Some Perfect Weekends | Charlie’s Column

by Charlie Ridgewell

My perfect weekend always involves two things: Formula 1 and Arsenal playing in the Premier League. Five red lights disappearing, or a whistle being blown, results either in immense joy or much despair. For me, what makes sport special is this: the thrill of not knowing what’s going to happen but rooting for your team nonetheless—it’s so exciting.

And it’s with this excitement in mind that I bring you my favourite sporting moments.

Arsenal win the 2014 FA Cup final

I remember having tears of joy in my eyes after Aaron Ramsey scored the winning goal, set up by a backheel from Giroud. It was an almighty comeback from The Gunners, who found themselves 2-0 down within the opening ten minutes (after which every “Gooner” was dreading another humiliating defeat and a continuing search for new silverware!).

It seemed like it was all over. Then Cazorla smashed in a free kick before half time, giving a slight glimmer of hope. Kosicenly equalised in the second half, before Ramsey earned his place in the history books by winning our first trophy in nine years. The emotions ran very high; there were happy tears, and jubilation, and lots of cheer!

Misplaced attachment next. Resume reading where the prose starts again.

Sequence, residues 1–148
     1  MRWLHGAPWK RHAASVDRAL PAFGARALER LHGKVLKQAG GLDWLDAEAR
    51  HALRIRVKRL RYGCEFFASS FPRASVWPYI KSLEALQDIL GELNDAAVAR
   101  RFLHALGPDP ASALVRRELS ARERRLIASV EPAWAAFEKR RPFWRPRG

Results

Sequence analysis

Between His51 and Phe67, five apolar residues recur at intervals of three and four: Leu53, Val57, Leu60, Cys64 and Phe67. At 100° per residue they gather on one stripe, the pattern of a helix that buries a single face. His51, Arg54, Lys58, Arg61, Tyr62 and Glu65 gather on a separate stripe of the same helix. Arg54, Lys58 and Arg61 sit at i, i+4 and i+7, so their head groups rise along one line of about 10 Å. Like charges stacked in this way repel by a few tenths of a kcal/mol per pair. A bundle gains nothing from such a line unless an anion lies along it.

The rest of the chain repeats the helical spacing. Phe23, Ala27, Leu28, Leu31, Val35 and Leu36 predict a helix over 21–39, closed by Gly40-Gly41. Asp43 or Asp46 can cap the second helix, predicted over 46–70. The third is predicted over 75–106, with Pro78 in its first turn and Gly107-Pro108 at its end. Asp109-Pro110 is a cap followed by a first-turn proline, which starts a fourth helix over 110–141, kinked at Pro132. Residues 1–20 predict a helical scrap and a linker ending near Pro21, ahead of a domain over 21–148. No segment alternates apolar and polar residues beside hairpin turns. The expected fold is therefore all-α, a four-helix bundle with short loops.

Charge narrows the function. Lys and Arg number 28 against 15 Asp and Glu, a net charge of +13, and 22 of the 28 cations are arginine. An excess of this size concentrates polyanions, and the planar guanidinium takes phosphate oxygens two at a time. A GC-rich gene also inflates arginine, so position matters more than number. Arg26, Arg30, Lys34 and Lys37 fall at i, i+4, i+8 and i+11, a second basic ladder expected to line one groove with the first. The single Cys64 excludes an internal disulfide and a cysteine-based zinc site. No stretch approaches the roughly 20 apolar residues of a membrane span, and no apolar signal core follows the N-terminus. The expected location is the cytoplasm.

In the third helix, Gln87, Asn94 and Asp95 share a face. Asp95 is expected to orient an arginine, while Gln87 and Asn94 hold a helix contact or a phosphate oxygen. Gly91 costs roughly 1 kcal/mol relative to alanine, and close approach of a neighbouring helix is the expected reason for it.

Hamilton equals Schumacher’s record at Istanbul 2020

2020 was a strange year all-round and, among other things, it meant that F1 would be returning to an old track in Istanbul, a track which had just had new tarmac laid down. What ensued was one of the best championship-winning drives. Without the fastest car, Hamilton made history by using pure driving knowledge and skill to equal a time, set by Schumacher, that we thought we would never see again. What a weekend that was!

“Super Saturday”

44 minutes: this is all that was needed for Sir Mo Farah, Greg Rutherford, and Dame Jessica Ennis-Hill to conjure up Team GB’s greatest achievement and one of the greatest moments in sporting history. It was even named the “greatest British summer games moment” of all time, not just by fans, but by a BBC Sport panel of Olympic experts, too. 80,000 fans (and many more worldwide, on TV and radio) got to see all three athletes win gold, with the 10,000-metre run win by Farah being especially unforgettable.

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